Paschim Banga or Banga? Imminent name-change divides state over dropping West
Both intellectuals and commoners in the state are engaged in debates, often heated, as the West Bengal’s name is likely to change in a matter of weeks.india Updated: Aug 03, 2016 11:02 IST
William Shakespeare’s fans who think there’s nothing in a name should come to Kolkata to hear the din and debate that began minutes after the state government announced on Tuesday that West Bengal will be soon be renamed as Bengal (in English) and Banga or Bangla (in Bengali).
Both intellectuals and commoners are engaged in debates, often heated, as the state’s name is likely to change in a matter of weeks.
“This should have happened long ago. The original name of our state was Banga (also spelt Bongo). We are going back to that. Keeping ‘West’ in the name is meaningless. This will be far better. I wanted this for long. The government has taken a good decision and I am very happy,” said noted novelist Shirshendu Mukhopadhyay.
“It is logical to change the state’s name to Banga or Bangla,” said actor Soumitra Chatterjee, a Dadasaheb Phalke awardee.
The likes of poet Nirendranath Chakraborty, writers Tilottama Majumdar and Swapnamay Chakraborty, however, objected to the idea of dropping ‘West’ from the name, as they believe this will do injustice to the memories of the Partition that split Bengal or Banga into two during Independence.
“The name West Bengal is deep-rooted in our consciousness since Independence. What will we gain from this change in name? We need to do better justice to history while changing names. It is West Bengal that reminds us of the pain and sorrows of the Partition. The deeper history is rooted in our consciousness the better. I, therefore, find no relevance to this decision to change the name,” young writer Tilottama Majumdar said.
“The government should discuss it with eminent personalities before coming to a decision. Doesn’t West Bengal imply that this is not East Bengal?” remarked nonagenarian poet Nirendranath Chakraborty.
Lyricist and film director Anindya Chatterjee even went so far as to suggest a referendum on the issue.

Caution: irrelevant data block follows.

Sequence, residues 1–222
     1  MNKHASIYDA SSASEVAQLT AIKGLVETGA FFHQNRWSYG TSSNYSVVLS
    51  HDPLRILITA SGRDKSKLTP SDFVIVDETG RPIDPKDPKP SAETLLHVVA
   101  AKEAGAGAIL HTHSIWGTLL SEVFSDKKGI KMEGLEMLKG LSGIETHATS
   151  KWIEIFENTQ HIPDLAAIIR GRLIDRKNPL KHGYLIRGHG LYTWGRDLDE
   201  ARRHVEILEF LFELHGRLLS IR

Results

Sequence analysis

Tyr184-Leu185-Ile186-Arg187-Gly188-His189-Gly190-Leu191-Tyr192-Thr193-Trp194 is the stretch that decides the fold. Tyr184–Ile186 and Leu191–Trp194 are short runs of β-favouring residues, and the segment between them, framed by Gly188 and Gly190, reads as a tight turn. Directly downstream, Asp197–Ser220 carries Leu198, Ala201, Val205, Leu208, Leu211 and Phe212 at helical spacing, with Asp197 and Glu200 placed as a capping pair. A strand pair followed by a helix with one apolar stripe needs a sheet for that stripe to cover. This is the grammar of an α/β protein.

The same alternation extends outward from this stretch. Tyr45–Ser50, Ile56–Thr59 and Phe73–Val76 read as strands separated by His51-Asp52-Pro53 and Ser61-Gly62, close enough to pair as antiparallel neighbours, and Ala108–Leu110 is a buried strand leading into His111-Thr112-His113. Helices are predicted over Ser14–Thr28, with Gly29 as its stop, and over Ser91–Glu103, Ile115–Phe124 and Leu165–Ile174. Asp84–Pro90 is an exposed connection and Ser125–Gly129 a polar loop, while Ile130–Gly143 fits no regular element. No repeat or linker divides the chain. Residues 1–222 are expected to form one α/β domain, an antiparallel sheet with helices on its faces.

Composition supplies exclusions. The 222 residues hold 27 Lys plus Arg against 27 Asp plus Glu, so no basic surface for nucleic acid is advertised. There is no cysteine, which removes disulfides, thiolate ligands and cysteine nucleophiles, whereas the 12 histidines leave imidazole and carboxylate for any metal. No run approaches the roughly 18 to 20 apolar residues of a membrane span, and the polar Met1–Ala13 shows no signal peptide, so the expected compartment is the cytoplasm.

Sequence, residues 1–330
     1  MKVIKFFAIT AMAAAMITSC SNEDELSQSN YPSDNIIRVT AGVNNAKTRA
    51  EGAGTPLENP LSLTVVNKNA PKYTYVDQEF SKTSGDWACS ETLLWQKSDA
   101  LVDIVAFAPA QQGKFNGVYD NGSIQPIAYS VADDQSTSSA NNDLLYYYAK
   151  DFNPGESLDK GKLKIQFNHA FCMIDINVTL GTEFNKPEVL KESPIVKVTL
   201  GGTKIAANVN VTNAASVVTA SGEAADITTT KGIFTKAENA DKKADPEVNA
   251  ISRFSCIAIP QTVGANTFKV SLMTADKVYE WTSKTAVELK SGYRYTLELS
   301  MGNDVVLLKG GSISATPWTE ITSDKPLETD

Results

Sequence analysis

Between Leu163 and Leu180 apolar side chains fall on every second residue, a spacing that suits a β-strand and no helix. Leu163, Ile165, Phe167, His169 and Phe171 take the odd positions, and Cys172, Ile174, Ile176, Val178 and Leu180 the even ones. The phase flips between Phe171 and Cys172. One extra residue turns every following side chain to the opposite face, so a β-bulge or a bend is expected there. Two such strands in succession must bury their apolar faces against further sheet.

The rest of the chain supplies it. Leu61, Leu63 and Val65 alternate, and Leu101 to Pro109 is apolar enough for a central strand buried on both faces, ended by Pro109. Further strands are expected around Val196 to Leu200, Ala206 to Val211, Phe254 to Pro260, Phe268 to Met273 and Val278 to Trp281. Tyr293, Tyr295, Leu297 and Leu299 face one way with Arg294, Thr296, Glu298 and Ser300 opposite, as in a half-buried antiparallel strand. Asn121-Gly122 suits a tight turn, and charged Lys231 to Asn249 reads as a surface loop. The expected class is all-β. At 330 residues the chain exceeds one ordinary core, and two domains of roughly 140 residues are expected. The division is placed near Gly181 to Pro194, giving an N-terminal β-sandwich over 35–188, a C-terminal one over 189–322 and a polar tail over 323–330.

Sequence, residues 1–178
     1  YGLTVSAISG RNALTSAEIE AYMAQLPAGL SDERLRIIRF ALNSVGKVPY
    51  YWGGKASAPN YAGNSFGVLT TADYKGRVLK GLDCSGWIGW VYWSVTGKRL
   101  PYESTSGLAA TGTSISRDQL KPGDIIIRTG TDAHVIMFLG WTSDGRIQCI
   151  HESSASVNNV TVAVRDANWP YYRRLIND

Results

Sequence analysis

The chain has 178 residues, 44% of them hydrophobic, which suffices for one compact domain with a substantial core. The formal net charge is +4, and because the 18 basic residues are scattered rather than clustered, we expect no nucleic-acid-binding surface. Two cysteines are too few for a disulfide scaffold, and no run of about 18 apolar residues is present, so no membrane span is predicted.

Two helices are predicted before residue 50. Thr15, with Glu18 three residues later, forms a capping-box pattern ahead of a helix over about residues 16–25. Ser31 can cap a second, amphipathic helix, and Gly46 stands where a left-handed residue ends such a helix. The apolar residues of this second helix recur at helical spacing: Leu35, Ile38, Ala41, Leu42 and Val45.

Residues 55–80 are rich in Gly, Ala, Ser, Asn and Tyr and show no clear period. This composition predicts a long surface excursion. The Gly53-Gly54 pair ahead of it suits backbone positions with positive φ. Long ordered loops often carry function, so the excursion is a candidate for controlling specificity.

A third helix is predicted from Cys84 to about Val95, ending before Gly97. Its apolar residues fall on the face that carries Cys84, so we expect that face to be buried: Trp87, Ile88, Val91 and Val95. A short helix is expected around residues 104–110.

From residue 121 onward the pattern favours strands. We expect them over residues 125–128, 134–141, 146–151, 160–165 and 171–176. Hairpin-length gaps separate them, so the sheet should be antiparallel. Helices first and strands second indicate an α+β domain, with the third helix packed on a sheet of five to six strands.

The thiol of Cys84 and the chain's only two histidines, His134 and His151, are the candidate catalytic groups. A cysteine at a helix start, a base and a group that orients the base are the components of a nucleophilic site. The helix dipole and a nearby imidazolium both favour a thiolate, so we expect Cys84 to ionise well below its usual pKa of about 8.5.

The proposal, which was passed by the West Bengal cabinet on Tuesday, will have to be ratified in the state Assembly before it is placed before the Parliament for its approval. Given the majority the state’s ruling party enjoys in the Assembly, the passage of the proposal in the state Assembly is only a formality.
The prime reason behind the government’s initiative to change name is to lift the state’s position in the alphabetical order to get early chances of speaking at meetings between the Centre and the states.
While many supported the government on this ground, other argued the name change would be just also because there is no ‘East Bengal’ and what was earlier known as ‘East Bengal’ is now Bangladesh.
“The proposal of changing the state’s name is being discussed for several years. We will definitely get practical advantages due to Bangla or Banga (Bongo). Previously, it took a lot of time to reach W in alphabetical order. We will climb quite a few stairs up. I welcome the government’s initiative,” educationist Pabitra Sarkar said.
Among those who welcomed the decision to drop ‘West’ from the name, there was hardly any unanimity over the new name in Bengali. Union minister of state for heavy industries Babul Supriyo welcomed Bengal as the name in English but objected to Bongo in Bengali.
“Bengal in English is fantastic and makes a great pair with Bangla the State and its language Bangla Bhasha - but not BONGO PLEASEEEEEE,” he tweeted, arguing that it sounded like the name of a musical instrument.
Writer Nabanitra Deb Sen proposed Bangabhumi or Banga Pradesh as the new name, while writer Samaresh Majumdar said the state should be called ‘Bangla’ even in English.
“Bangla is the best option, even in English,” eminent poet Shankha Ghosh said.
The special session of the assembly that will be convened to discuss and pass the resolution of change of name of the state is likely on August 29 and 30.
The change of name was first discussed during the tenure of the Left Front government. Incidentally the name of Calcutta, the state capital which was also the nation’s capital till 1911, was also changed to Kolkata in 2001.